Royal Icing Recipe and Tips (2024)

Royal Icing Recipe and Mixing Tips

(This is what I use and how I do it, but remember, elevation, humidity and other factors will contribute to the icing results. Practice making icing to learn what ingredients and icing consistencies will work best for you!)

You'll need:

1 pound 10x/powdered sugar (or 4 cups)

1/3 cup warm water, plus several tablespoons for making icing consistencies

¼ Meringue Powder (I use the CK brand - available soon in my online shop!)

1 tsp flavor (I use vanilla)

Recipe can easily be doubled in a 5 Qt Mixer!!

Here are the steps to making royal icing:

  1. Pour 1/3 cup warm water into mixer. The warm water will help dissolve the meringue powder.
  1. Add ¼ cup meringue powder.
  1. Mix for a minute or so on medium speed until fluffy and foamy. Scrape sides if necessary.

Royal Icing Recipe and Tips (1)

  1. Add 1 tsp of flavor and mix until incorporated. I use vanilla (brown). You may wish to use clear vanilla for an extra white base icing. Lemon and/or almond are also popular icing flavors.
  1. Once fluffy and foamy, add 1 pound of powdered sugar; which is approximately 4 cups. Keep mixer on low, add slowly to avoid a powdery explosion. Using the plastic shield or putting a kitchen towel over the mixer also helps to contain sugar spills and poofs.To reduce lumps/tip clogs, you may wish to sift your sugar first (I don’t sift…I just switch icing tips or poke a toothpick in to break up the clog)

    If your icing seems too stiff, add another tablespoon or two of water to loosen the icing a bit.

Royal Icing Recipe and Tips (2)

  1. Once all the sugar is added, I increase the speed to 4 (or a medium/low speed). The amount of mixing time can vary from 4-7 minutes depending on the humidity. Beat icing until it changes from the ivory color to a white. After a few minutes of mixing, you’ll notice the icing will become stiff and it increases in size.

Royal Icing Recipe and Tips (3)

  1. After 4-7 minutes, pull the blade out. If a soft (or stiff) peak forms…you’re ready to starting coloring your icing.

Royal Icing Recipe and Tips (4)

This photo is a great example of a soft peak...perfect for PIPING!!

  1. Separate into containers with an airtight lid. (If left uncovered, icing will crust.)
  1. Add color (I like Americolor or Wilton food gel and it will soon be available in my online shop!) and mix to desired color. Add slowly…you can always add more if needed.

    Royal Icing Recipe and Tips (5)

  2. Remove a small portion ¼ - ½ cup for piping and use remaining for flood icing. I use a glass to hold my icing bag while I fill. A damp paper towel helps keep the tips from drying out.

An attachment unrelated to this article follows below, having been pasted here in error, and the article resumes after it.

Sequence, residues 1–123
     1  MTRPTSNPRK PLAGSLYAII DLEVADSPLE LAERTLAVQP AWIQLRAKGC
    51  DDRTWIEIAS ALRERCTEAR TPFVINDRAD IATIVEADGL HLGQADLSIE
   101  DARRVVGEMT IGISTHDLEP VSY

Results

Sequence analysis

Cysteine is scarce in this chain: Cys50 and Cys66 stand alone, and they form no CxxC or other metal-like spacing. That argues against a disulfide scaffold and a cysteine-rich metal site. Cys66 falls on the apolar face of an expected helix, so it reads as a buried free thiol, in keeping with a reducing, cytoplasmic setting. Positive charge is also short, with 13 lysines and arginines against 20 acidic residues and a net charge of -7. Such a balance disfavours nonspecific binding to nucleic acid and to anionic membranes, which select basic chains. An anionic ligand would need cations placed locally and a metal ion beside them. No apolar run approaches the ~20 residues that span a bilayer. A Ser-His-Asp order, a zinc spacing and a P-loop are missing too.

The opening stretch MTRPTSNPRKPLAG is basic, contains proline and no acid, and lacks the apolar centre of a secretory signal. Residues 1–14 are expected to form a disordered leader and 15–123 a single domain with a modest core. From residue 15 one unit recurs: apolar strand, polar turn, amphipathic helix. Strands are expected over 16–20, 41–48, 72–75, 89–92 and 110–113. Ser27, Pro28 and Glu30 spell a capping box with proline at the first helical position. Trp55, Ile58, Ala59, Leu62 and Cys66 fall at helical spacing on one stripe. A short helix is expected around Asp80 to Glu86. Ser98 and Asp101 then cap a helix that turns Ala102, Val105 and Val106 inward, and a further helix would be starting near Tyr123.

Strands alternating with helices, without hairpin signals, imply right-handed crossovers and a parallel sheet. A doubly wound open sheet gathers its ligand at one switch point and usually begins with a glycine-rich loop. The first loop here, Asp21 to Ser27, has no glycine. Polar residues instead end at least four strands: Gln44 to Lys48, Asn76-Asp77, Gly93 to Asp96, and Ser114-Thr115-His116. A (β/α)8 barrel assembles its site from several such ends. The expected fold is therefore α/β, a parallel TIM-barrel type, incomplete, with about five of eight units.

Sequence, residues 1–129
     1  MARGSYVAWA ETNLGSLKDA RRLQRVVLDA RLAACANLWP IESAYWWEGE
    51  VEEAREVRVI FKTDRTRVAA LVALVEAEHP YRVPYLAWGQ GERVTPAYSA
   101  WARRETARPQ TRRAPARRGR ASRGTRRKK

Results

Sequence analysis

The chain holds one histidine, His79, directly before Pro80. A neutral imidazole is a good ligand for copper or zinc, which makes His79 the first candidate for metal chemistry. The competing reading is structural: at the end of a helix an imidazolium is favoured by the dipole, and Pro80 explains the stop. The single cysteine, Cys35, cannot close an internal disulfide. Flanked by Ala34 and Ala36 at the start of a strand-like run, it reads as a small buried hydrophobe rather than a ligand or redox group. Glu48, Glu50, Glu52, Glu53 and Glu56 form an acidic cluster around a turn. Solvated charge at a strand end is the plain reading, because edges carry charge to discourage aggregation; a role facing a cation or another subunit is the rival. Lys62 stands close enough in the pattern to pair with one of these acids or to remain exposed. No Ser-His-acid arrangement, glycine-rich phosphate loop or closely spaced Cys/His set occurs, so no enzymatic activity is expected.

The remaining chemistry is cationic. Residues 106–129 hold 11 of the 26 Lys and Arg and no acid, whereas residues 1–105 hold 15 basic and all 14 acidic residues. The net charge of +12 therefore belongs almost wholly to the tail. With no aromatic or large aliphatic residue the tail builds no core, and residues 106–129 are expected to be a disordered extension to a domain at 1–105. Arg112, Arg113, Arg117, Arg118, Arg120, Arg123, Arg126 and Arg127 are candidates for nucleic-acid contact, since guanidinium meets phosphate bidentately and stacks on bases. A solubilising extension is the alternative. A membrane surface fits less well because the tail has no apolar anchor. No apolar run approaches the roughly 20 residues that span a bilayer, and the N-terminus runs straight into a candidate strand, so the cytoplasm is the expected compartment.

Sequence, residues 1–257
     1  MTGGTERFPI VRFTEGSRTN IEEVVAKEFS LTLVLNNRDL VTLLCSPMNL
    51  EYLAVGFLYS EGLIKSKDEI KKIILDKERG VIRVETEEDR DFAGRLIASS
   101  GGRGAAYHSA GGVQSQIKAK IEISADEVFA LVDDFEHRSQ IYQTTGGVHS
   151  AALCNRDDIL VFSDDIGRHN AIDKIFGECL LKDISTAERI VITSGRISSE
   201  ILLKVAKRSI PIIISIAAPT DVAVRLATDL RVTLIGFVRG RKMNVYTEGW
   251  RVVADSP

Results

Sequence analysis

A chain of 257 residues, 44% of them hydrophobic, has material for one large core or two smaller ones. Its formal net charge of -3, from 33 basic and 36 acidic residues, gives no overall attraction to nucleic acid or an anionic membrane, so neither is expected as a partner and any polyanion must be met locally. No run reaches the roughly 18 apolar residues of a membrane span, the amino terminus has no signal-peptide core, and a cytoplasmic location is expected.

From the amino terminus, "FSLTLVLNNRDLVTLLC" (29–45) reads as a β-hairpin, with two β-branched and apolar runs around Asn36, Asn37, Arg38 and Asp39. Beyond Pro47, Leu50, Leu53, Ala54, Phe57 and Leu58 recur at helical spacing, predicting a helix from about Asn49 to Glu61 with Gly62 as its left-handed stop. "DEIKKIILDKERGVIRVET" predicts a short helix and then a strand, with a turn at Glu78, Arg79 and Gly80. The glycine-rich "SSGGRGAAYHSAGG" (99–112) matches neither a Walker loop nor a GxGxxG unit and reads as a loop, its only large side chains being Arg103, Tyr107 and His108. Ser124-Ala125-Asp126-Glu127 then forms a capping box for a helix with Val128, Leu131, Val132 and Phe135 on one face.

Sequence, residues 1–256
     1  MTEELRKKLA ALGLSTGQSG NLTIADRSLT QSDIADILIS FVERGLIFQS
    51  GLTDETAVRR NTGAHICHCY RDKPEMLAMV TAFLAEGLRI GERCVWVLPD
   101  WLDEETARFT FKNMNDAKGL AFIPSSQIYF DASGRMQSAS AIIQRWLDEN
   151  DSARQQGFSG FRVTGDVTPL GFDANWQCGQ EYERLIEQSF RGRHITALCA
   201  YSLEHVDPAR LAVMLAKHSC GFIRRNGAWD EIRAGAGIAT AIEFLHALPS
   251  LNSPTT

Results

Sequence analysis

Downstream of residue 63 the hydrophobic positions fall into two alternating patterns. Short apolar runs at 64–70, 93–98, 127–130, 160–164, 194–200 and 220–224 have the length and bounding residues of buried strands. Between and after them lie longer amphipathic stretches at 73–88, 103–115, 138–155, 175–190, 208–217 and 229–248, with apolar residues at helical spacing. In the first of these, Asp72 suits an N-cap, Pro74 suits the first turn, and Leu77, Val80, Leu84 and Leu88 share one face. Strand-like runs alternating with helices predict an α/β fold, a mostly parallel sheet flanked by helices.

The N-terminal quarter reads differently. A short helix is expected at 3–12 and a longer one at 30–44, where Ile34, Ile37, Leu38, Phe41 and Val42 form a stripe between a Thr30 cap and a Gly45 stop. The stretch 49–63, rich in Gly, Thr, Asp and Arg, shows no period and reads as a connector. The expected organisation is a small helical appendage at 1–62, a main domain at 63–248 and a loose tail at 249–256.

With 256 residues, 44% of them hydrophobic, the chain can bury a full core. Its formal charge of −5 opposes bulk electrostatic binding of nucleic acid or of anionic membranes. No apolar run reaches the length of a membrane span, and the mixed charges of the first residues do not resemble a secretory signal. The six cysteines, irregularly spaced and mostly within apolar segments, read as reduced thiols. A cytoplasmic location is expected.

Royal Icing Recipe and Tips (6)11. To make flood consistency, slowly add water 1 tsp at a time, until icing thins to desired consistency. Run your spatula or knife through the icing. Count how long it takes the line to disappear. Most of my flood falls between 5-10 seconds. I like to err on the thick side to avoid a watery icing.

Royal Icing Recipe and Tips (7)

See how this icing ribbons and sits up on top of the icing. It will eventually blend in, but this is a great example of the Flood consistency. Not too thick, but not thin/watery! I pour this icing into a squeeze bottle!

Here is my work space once my icing colors are all mixed!!

Royal Icing Recipe and Tips (8)

I hope you find this recipe and tutorial helpful! More tutorials, supplies and videos will be avialable soon on www.flourboxbakery.com!

Happy Decorating,

Anne

Royal Icing Recipe and Tips (9)

A message from Anne

“My blog is a collection of tidbits about the things I love... sugar cookies, baking, great food, cute stuff, and life in Happy Valley. Check back often for updates!!”

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Royal Icing Recipe and Tips (10)

Royal Icing Recipe and Tips (2024)

FAQs

How to get perfect royal icing consistency? ›

To achieve flood consistency, start with stiff icing and add a couple of tablespoons of water at a time. To test it, take a spoonful of icing and drop it back into the bowl. It should take between 15-20 seconds for the icing to smooth itself out. This is known as 15 or 20-second count royal icing.

What is the 10 second rule for royal icing? ›

If the icing surface becomes smooth in anywhere between 5-10 seconds, then your icing is ready to use. If it takes longer than approximately 10 seconds, the icing is too thick. Slowly add more water. If your icing surface smoothes over in less than 5-10 seconds, it is too runny.

How to make royal icing shiny when dry? ›